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Namibian economy continues to struggle
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07 June 2019
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The International Monetary Fund (IMF) says the country is battling to identify policies and reforms that can spur the domestic economy.
“The authorities’ consolidation plans strike a right balance between stabilizing public debt and supporting the economy, but several actions are needed to deliver this outcome. Immediate measures should be taken to contain the FY19/20 fiscal deficit within the budget limits as spending pressures are rising. Policies to deliver the fiscal adjustment planned for the next two years also need to be fully identified,” Geremia Palomba, IMF Mission Chief for Namibia said in his report after the Bretton woods institutes Article IV Consultation with Namibia.
“Policies should focus on rationalizing large spending items, particularly wage costs and transfers to public entities. Moreover, they should combine expenditure and revenue measures that support long-term growth, while protecting and improving social assistance programs.”
The IMF in its finds said rationalizing public entities, strengthening revenue administration, and improving budget and expenditures controls is critical to delivering adjustment plans for the country.
“Avoiding excessive risk-taking from off-budget operations will strengthen the credibility of the adjustment and reduce fiscal risk. The mission welcomes the authorities’ intention to develop restructuring plans for key loss-making public enterprises,” Palomba said.
“Undertaking reforms to strengthen productivity and competitiveness is a must to lift business confidence and the long-term growth potential of the economy. In parallel with fiscal adjustment policies, special emphasis should be placed on reducing policy uncertainty, streamlining business regulations, removing obstacles that contribute to high electricity and transportation costs (including reforming public enterprises operating in these sectors), and establishing a well-structured wage policy for the public sector to better align wage dynamics and productivity. Over time, it is important to remove obstacles to exports, address the shortage of well-educated and skilled workers, and foster the adoption of new technologies.”
First Capital Economist, Milner Siboleka warned that without strong structural reforms, the country could fail to recover this year from its longest recession, with the IMF forecasting the domestic economy to remain mildly negative in 2019, with growth expected to turn positive in 2020 and gradually converge to a long-term rate of about three percent.
 “While we welcome the tough fiscal consolidation stance for long-term macroeconomic stability, it will require that we compliment such efforts with major structural reforms.  Unless we convince the private sector to invest, the economy will continue to struggle.  It is time that we enhance enablers for the SME sector to grow. Equally, we need to do more to be a preferred destination for foreign investment.  As expected, recent efforts by government to attract investment could take months, if not years before we see results. It is too soon to expect results from the structural reforms government has taken since last year,” he said.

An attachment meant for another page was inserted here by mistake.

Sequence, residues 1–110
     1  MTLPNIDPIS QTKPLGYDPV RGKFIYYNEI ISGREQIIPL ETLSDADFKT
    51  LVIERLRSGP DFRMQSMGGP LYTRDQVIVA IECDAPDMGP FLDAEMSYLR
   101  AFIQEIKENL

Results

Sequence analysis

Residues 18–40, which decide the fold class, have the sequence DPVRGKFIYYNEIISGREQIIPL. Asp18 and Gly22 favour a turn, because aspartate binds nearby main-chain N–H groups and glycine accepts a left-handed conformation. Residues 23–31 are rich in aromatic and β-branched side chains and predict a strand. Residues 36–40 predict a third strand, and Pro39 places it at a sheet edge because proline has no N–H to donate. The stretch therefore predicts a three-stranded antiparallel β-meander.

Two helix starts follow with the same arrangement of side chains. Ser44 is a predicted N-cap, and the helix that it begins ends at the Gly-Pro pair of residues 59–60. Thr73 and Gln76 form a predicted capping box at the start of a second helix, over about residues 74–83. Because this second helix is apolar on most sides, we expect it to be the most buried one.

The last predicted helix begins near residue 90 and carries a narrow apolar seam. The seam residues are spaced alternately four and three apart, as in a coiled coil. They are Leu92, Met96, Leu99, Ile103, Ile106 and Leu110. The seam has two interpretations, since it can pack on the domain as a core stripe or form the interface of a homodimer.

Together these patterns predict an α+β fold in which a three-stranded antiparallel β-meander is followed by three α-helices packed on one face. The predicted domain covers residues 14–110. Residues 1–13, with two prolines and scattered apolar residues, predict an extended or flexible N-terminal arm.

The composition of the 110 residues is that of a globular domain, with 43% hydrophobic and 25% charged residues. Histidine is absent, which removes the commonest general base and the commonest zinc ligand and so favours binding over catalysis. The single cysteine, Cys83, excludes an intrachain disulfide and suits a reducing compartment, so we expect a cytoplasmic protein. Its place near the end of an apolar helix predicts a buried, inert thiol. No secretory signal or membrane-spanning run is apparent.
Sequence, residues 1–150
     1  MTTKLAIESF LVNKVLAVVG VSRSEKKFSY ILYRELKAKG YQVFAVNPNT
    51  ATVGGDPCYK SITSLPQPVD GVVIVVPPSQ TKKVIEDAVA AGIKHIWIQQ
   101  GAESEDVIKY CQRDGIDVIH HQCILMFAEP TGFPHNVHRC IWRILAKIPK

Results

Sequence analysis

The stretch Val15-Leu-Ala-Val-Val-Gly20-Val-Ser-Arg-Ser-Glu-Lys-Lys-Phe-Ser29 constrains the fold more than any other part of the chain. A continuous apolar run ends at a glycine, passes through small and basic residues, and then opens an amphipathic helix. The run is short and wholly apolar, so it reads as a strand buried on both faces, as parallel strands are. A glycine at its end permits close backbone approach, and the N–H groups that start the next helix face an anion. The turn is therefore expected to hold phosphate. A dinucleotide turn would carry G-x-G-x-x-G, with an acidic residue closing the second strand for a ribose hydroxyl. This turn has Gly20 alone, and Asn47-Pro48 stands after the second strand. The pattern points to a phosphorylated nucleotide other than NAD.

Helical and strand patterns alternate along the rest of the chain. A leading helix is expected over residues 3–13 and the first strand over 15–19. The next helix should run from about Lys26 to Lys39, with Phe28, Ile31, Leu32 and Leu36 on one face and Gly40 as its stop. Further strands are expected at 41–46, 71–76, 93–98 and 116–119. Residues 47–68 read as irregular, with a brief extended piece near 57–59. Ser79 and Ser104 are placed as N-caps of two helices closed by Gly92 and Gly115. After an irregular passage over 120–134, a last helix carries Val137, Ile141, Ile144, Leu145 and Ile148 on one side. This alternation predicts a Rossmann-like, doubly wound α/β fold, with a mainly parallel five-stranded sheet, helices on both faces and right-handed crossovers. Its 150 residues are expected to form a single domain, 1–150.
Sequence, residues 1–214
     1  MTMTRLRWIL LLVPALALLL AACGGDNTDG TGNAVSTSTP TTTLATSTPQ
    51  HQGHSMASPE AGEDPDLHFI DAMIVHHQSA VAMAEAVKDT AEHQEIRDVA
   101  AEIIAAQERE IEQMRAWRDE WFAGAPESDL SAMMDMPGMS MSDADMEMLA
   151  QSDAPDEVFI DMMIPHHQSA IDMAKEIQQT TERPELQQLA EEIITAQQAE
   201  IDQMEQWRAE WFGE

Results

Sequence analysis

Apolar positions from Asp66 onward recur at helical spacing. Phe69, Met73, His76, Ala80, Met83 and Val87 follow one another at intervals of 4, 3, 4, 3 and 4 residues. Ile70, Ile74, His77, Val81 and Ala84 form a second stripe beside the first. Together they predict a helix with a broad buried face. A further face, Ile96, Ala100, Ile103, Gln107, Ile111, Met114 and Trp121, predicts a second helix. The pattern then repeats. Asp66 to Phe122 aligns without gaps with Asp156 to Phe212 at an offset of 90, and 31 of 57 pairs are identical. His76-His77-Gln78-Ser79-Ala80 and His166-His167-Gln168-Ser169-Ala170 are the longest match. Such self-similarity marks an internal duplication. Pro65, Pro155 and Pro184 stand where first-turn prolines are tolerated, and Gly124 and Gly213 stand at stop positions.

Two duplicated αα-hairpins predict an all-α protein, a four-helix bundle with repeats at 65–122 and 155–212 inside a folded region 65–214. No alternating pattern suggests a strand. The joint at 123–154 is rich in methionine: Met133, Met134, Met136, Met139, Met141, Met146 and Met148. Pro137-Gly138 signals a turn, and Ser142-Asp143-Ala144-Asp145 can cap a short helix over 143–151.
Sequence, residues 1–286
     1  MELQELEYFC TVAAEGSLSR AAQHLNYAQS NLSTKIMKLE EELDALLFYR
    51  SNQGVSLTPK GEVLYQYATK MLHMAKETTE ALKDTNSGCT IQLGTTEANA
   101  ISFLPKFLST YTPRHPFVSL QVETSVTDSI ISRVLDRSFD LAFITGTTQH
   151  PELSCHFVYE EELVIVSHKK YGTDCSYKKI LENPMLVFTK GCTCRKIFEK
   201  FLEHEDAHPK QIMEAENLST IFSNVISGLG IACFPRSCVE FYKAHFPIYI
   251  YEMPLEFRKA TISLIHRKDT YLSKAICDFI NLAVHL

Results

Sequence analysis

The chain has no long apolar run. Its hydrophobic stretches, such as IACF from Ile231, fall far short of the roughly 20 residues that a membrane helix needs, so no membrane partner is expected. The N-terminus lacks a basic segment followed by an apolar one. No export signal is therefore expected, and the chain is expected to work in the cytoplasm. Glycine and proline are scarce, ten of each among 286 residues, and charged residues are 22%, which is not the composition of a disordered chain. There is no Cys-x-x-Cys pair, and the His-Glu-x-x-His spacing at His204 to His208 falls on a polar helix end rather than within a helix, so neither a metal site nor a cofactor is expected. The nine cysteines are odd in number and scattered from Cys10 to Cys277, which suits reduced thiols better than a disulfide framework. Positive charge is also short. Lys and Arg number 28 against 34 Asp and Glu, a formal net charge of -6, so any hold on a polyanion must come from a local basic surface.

Ngoni Bopoto, a strategist at BroadSide Capital, said “the IMF mission's statement certainly displays reasonable insight with respect to affairs of the fiscus. We have been advocating the introduction of non-debt private capital to balance the mentioned adjustments and remain of that view. It is however necessary to exercise diligence in negotiating such contracts in order to ensure sustainability.”
Economist Mally Likukela forecast that the country’s economic recession will persist.
“There is no more truth than what the IMF has said in their report. Government at the moment has no ability to stimulate the economy as it now lacks the fiscal space.  I agree that the policies that government has put in place are not enough to turn around economy.  The private sector also has no balance sheet to sustain the growth.  I expect the recession to persist and expect it to last for a year and half, after which we can expect to see tangible signs,” he said.
Frederico Links, a Governance Researcher at the Institute for Public Policy Research (IPPR) called for more transparency and accountability from government about the seriousness of the economic situation in the country.
“I think it's been clear to anyone with a level head that government's growth pronouncements over the last two years have been overblown and unsubstantiated by evidence.  This has been pointed out by economists every time Calle Schlettwein or the President – if you look at the last two budget statements and the last two SONAs – have announced that 'green shoots' are starting to show.
Of course, no government is going to say straight out, especially not on the eve of elections, that the situation is bad and getting steadily worse, but you'd still expect some sort of moderation in sentiment, especially when shortly after each of these positive predictions are made, economic data is released that paints a very different picture,” he said.
“It worryingly shows that senior politicians are making unsubstantiated rhetorical claims which amount to misinforming the public at a time when people need to be told what will be done to arrest the damaging economic deterioration. I believe there needs to be a whole lot more transparency and accountability about the seriousness of the economic situation in this country.  This is an election year, so, we'll probably continue to hear a playing down of the bad news and a doubling down on the message that there will be positive growth this year and next,” opined Links. 
 
 
 
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